A campaign group has claimed some chicken meat sold by Lidl is contaminated with antibiotic-resistant bacteria and other pathogens.

A total of 142 own-brand products from 22 Lidl stores in Germany, Italy, Spain, Great Britain, and Poland were tested by a laboratory in Germany.

The products need to be cooked before consumption and should not be consumed raw. Previous advice from the Food Standards Agency (FSA) was that the risk of getting infected through eating or preparing contaminated meat remains low as long as people follow good hygiene and cooking practices.

The study was commissioned by the Albert Schweitzer Foundation, Animal Welfare Observatory, Essere Animali, Open Cages, the Fundacja Alberta Schweitzera, and Otwarte Klatki. The Albert Schweitzer Foundation campaigns against factory farming and for a vegan lifestyle.

European results
All samples were purchased between December 2023 and March 2024 and the cold chain was monitored and maintained, according to the Albert Schweitzer Foundation. In each of Germany, Spain, and Italy, 24 products were tested. In the UK, 40 were tested and 30 in Poland. 

Salmonella was found in 9 percent of the samples. Two of these came from Poland and 11 from Italy. No information was shared on the level of contamination or at what stage of a products’ shelf life tests were conducted.

Listeria was detected in a third of all samples and six from Germany. In Italy, 13 samples were positive. Campylobacter was found in every second sample from Germany. In Spain, 20 samples were positive.

The lab tested meat samples for ESBL-producing pathogens and for methicillin-resistant Staphylococcus aureus (MRSA). A third of samples from Germany were contaminated. The figure for Spanish samples was 71 percent and 58 percent for English samples.

“The results of the microbiological examination of Lidl meat should wake us all up. Lidl must address the cause of the high number of antibiotic-resistant and other pathogens on meat and ensure that its suppliers provide better chicken farming across the board,” said Mahi Klosterhalfen, president of the Albert Schweitzer Foundation.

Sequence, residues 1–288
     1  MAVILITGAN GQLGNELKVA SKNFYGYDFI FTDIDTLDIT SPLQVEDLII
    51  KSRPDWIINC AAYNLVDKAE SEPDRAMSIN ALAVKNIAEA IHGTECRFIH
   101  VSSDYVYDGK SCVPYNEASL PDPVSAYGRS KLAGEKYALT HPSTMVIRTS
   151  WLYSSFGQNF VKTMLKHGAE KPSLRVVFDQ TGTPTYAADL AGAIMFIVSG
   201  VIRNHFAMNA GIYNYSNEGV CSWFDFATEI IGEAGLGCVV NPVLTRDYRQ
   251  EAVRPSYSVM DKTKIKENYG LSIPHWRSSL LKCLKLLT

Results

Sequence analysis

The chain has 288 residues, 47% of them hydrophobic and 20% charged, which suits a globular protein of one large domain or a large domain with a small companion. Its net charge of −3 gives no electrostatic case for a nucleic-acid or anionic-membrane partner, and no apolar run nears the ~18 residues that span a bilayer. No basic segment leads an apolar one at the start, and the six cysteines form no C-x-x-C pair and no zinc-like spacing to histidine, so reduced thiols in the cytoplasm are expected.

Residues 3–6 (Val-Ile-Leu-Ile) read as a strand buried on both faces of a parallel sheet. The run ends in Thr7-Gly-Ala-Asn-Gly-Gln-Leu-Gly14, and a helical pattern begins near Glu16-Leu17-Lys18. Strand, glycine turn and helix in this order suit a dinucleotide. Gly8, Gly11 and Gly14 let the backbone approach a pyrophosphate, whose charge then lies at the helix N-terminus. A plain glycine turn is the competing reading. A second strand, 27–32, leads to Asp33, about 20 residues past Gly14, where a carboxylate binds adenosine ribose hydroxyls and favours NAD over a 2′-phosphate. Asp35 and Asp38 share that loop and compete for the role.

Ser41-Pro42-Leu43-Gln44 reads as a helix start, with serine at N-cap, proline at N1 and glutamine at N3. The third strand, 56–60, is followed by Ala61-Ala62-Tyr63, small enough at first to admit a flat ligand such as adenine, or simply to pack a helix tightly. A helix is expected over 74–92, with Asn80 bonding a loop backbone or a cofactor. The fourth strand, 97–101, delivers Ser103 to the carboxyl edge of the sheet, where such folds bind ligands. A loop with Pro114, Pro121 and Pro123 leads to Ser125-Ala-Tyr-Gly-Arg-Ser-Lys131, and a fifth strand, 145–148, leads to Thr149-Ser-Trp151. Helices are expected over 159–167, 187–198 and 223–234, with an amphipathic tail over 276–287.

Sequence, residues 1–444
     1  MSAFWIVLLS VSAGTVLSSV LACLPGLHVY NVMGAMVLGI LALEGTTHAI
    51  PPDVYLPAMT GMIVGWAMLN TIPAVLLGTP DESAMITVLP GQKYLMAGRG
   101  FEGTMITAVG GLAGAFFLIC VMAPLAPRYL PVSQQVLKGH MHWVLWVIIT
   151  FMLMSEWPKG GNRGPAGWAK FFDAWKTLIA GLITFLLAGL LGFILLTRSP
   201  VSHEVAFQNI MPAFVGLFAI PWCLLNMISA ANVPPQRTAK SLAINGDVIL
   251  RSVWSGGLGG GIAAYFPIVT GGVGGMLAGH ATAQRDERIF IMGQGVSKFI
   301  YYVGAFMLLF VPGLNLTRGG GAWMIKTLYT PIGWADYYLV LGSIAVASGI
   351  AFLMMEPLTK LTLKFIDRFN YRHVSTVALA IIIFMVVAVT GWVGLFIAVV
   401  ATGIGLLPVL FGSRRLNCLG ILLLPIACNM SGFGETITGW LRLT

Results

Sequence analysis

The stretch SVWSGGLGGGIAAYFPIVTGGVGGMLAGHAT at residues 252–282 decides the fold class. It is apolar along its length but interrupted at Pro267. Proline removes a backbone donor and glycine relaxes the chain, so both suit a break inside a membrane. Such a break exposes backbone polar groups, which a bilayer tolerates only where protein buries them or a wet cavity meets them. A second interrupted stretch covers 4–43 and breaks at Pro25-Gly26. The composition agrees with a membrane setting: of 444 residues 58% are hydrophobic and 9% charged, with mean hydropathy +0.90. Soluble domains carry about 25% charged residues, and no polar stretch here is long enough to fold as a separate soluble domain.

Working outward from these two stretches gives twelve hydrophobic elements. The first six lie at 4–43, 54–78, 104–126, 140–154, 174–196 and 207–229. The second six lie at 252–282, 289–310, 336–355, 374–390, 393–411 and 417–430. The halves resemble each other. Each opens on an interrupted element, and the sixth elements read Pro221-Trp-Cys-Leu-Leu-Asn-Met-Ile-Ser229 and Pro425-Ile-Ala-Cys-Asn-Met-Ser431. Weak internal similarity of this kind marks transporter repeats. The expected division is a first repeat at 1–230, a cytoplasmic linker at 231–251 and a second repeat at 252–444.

UK findings and Lidl response
Animal welfare charity Open Cages presented the UK results, claiming a dozen products were positive for Listeria but Salmonella and Campylobacter were not found.

“We work closely with our suppliers and a multitude of industry partners, aligning our policies with the Responsible Use of Medicines in Agriculture Alliance (RUMA) and the Food Industry Initiative on Antimicrobials to ensure the responsible and RUMA recommended use of antibiotics, while ensuring animal welfare remains a priority,” said a statement from Lidl.

“Our own testing shows that in the last 12 months there have been no micro-related deviations outside of legal levels, and no concerns have been raised to us by any regulatory bodies on this topic. It’s therefore evident and extremely concerning that Open Cages continues to disseminate false and inaccurate information, with the apparent aim of garnering media attention and both scaremongering and misleading the public. If Open Cages has any real and verified concerns regarding the presence of pathogens in fresh British chicken, we encourage it to work with verified sources and share its complete findings with either ourselves or with the FSA for further investigation.”

(To sign up for a free subscription to Food Safety News, click here.)